What does our overwhelming support for this systematic torment and massacre of millions of our fellow creatures say about our society? Patrice Greanville, board member of Animal People Magazine (11), editor and publisher of Cyrano’s Journal Online (12), and renowned Leftist radical, put it like this:

“This moral blindness is inexcusable for those who rightly see themselves as the moral vanguard of humanity. For the bottom line is that speciesism—a surreptitious form of human fascism applied to animals and nature in general—is by far the oldest and most pervasive form of brutal tyrannization encountered in the sorry annals of human history. I don't use the word "fascism" as hyperbole in this context or for dramatic effect. I wish it were hyperbole. But the fact is that fascism is noted for its unilateral proclamations of superiority by a certain race or breed, endowing said race with the "right" to dominate, exploit, and annihilate at will any group deemed "inferior." If that pretty much doesn't describe eloquently our despicable behavior toward non-human animals, I don't know what does.” (13)

Speciesism is yet another ugly manifestation of the hubristic narcissism that has infected our collective psyche here in the United States. While tormenting and butchering “lesser beings” simply to please our palates is reprehensible behavior, there is a less obvious but equally sinister component to the meat industrial complex. Let’s explore it, shall we?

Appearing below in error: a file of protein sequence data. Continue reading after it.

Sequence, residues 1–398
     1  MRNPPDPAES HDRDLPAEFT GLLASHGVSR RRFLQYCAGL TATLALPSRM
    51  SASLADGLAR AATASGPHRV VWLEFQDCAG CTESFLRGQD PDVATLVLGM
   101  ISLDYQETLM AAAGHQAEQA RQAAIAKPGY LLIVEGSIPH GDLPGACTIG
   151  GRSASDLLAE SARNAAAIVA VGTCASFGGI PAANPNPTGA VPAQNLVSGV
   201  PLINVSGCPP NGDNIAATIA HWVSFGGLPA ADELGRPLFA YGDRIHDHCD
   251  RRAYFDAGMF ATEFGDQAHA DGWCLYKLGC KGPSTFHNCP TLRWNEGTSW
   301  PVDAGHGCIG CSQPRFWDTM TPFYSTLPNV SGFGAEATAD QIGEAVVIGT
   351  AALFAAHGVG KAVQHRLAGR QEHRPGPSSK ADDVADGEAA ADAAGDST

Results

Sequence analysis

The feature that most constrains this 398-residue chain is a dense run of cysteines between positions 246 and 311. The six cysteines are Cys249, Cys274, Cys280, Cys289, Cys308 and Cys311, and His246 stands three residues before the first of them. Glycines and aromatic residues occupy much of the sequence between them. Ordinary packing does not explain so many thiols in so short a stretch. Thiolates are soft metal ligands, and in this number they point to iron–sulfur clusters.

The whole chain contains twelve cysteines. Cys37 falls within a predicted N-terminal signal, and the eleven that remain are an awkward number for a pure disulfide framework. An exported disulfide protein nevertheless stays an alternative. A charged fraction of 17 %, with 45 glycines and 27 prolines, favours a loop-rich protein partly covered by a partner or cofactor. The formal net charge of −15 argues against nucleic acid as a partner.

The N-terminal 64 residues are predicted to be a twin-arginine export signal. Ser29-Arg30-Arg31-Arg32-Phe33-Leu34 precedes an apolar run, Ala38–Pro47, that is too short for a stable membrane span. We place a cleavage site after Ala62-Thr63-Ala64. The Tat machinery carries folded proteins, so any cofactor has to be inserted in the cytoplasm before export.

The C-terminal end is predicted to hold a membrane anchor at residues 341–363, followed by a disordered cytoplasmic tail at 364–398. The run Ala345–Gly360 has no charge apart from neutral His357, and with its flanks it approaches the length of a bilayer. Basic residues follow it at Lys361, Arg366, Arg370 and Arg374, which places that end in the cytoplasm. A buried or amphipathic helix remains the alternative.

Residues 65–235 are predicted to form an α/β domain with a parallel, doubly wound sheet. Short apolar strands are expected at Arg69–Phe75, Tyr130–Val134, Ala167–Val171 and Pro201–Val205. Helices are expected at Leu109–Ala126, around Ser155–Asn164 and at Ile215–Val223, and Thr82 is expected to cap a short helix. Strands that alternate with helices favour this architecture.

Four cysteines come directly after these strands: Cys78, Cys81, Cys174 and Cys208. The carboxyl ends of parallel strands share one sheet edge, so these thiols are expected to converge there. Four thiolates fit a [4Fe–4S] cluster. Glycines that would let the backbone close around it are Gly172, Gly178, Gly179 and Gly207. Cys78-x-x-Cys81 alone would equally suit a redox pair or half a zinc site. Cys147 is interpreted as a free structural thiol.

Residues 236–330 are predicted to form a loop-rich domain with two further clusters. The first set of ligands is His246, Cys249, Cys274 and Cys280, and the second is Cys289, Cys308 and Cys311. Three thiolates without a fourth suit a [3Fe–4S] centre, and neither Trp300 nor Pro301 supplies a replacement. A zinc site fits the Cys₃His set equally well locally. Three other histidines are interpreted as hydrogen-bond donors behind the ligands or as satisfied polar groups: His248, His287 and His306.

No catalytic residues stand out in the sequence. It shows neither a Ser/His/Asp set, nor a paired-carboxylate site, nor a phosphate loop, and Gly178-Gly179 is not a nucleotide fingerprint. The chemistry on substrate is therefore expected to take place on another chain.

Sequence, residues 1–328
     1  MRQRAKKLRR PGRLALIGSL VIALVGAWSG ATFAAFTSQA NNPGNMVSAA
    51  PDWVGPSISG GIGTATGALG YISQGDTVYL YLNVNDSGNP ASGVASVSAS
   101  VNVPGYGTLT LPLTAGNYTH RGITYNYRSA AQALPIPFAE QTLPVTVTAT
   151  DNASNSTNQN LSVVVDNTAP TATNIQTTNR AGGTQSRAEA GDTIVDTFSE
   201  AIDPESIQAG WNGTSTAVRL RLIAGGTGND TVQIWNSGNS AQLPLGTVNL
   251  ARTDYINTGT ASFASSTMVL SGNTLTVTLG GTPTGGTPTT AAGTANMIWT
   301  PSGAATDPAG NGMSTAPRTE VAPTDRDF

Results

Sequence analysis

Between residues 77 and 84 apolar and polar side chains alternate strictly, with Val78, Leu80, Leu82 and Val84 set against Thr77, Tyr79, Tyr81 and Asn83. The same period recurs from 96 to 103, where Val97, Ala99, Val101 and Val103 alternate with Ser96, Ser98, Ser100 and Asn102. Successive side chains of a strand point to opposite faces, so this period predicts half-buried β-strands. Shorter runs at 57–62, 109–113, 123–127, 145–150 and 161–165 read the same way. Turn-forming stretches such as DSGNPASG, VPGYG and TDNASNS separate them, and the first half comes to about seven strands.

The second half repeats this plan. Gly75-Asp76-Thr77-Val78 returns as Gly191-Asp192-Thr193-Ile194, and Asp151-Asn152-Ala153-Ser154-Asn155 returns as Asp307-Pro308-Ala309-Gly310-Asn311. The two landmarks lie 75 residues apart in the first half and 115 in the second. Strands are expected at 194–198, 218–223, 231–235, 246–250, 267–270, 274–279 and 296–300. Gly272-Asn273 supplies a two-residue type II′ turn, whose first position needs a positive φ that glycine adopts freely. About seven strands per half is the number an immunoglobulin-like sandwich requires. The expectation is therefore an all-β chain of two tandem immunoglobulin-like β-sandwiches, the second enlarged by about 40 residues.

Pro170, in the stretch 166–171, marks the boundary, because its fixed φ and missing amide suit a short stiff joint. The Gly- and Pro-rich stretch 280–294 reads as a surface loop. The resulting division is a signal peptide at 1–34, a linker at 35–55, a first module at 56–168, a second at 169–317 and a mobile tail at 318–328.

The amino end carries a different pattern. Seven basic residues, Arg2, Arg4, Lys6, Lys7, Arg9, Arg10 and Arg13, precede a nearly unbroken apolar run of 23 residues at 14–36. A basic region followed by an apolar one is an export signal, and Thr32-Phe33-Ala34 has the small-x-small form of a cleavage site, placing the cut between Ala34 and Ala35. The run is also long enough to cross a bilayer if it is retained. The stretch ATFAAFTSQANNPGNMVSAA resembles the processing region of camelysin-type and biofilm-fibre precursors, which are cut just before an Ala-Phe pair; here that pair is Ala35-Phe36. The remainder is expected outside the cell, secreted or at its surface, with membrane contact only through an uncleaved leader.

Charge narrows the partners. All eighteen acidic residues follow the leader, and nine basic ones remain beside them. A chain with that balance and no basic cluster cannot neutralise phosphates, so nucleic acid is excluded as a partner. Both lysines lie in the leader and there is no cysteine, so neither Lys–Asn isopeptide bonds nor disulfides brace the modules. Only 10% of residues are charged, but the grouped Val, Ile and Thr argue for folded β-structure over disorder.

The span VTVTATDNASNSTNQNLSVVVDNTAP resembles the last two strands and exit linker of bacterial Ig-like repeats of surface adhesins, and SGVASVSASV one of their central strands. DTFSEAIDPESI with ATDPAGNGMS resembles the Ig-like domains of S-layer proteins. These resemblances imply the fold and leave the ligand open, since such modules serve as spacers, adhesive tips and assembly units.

Consuming meat is a luxury that comes with an extremely high human cost. While dated, agricultural economist Rene Dumont’s observation rings even more true in 2007 than when he made it in 1974:

"The overconsumption of meat by the rich means hunger for the poor. This wasteful agriculture must be changed - by the suppression of feedlots where beef are fattened on grains, and even a massive reduction of beef cattle." (14)

Dr. Aaron Altshul, author of Proteins: Their Chemistry and Politics, concluded that the foods cultivated to sustain a vegetarian diet provide enough calories per acre to support twenty times more people than the meat produced by raising livestock. Altshul further observed that the Earth could support up to 20 billion people if available agricultural land was devoted to cultivating vegetarian sustenance (15).

So while we savor our succulent T-bones, relish our tender pork loin, and feast upon our marinated chicken breasts, over 35,000 of our fellow human beings starve to death EACH DAY. 30,000 of them are CHILDREN UNDER THE AGE OF FIVE. (16)

Consider these disturbing facts (17, 18, and 19):

--80% of starving children live in countries where there is actually a grain surplus, but farmers use the grain to feed livestock in order to sell meat to wealthier nations

--Due to its profitability, cattle ranching is rapidly replacing the cultivation of essential crops in Central and South America (where millions of people are malnourished or starving). Deforestation to create cattle pasture is also occurring at an alarming rate.

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Jason Miller, Senior Editor and Founder of TPC, is a tenacious forty something vegan straight edge activist who lives in Kansas and who has a boundless passion for animal liberation and anti-capitalism. Addicted to reading and learning, he is mostly (more...)